It's a Dog's Life

It's a Dog's Life
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Family Felines
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Won't You Be My Neigh-Bor?

Won't You Be My Neigh-Bor?
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Birds of a Feather

Birds of a Feather
Flights of Fancy

Why Groundhogs Are Terrible House Pets

Monday, January 24, 2011

Thinking about a groundhog as a pet? Please read this article before trapping or charming one into your home. They are demanding animals and quite honestly belong in the wild. Is there any upside? Absolutely. Similar to a dog, my groundhog will lovingly greet me when I come home, but then he hastily scurries back into the crawl space and starts digging. If I had to do it over again, I would have chosen goldfish.

Joe Groundhog by +++CoolValley+++
1. Hibernation. My groundhog hibernates in my basement all winter long. This may sound like a good thing, but when he wakes up in the spring, it's a different story. Each year, right around March Madness, this little whistle pig comes climbing up from the basement. Not only is he very hungry, but he's also looking for a new mate. Having to deal with a hungry groundhog in heat in an urban environment is rough to say the least.

2. Digging. These animals absolutely LOVE to dig. I usually have to replace the carpeting in my townhouse twice a year. Last July he dug right through the dry wall and wedged himself in between the walls. I had to call a contractor to help me remove him AND he bit me during the process. I had to get yet another tetanus shot.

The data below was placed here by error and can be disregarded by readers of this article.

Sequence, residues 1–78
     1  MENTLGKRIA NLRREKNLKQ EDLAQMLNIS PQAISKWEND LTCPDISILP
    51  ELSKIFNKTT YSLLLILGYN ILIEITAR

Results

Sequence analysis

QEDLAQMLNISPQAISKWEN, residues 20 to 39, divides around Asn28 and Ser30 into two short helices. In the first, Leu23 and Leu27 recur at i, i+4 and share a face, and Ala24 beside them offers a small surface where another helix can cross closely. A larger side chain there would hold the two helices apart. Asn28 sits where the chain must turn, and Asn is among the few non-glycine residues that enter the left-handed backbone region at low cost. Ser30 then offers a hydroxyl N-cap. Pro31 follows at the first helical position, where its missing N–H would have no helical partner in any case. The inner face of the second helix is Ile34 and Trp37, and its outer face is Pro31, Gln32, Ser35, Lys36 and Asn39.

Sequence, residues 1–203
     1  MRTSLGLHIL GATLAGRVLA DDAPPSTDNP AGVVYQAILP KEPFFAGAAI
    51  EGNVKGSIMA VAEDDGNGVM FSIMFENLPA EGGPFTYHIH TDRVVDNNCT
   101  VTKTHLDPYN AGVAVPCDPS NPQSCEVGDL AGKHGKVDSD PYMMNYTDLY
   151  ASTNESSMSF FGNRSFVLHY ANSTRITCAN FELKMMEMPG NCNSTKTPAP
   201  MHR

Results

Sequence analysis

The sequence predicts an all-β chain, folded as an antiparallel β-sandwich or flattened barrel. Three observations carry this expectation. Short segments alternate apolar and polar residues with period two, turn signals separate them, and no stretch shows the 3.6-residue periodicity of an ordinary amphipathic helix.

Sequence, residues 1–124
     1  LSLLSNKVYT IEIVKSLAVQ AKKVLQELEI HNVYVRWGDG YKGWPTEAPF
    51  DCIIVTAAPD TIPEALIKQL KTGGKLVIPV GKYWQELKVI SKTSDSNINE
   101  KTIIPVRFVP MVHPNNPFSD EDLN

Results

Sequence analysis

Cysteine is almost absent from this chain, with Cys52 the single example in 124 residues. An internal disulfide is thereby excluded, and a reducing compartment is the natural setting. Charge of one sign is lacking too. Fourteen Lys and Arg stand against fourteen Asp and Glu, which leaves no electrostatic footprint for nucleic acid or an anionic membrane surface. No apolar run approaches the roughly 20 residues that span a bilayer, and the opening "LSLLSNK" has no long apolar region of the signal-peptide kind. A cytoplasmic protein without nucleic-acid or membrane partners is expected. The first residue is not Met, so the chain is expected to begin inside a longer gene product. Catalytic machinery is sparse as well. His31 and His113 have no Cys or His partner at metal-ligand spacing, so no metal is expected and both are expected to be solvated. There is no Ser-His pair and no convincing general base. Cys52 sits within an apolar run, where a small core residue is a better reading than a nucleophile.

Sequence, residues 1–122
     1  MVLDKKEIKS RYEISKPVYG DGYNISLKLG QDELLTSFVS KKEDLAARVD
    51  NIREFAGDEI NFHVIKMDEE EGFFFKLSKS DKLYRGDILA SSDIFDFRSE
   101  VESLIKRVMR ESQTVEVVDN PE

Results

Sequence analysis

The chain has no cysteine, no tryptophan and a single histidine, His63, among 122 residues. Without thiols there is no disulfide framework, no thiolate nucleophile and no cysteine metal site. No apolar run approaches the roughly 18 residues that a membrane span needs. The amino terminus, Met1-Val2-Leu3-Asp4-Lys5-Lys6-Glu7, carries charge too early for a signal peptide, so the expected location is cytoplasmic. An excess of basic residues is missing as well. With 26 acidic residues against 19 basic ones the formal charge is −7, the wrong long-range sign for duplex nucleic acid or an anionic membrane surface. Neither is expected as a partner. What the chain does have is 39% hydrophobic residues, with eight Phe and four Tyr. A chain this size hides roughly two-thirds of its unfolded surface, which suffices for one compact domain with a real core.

3. Veterinarian Care. Not many vets will even agree to see a "pet" groundhog, let alone have experience in dealing with one. I only brought my little guy to the vet once and it was not a pleasant experience. The vet told me I shouldn't try to domesticate a wild animal and she threatened to call animal control.

4. Not good with kids. When I first got my groundhog, I tried to get him comfortable around children. I assume he perceived the children as threats, which is why he started snarling so viciously. Thankfully no one was hurt. For safety measures, I always put him on a leash when we go out and I usually tie a piece of string around his snout so he doesn't snap at anyone.

5. Special dietary needs. The pet stores don't carry groundhog food, so I just feed him table scraps which may be why he weighs about 45 pounds and is very lethargic. His favorite snack is Bugles and I sometimes let him eat taffy and pretend he is trying to talk.

(No groundhogs were injured during the writing of this article)

Author Resource
Guy Bellefonte is an author with too much time on his hands. Feel free to visit to read more about my latest shenanigans.

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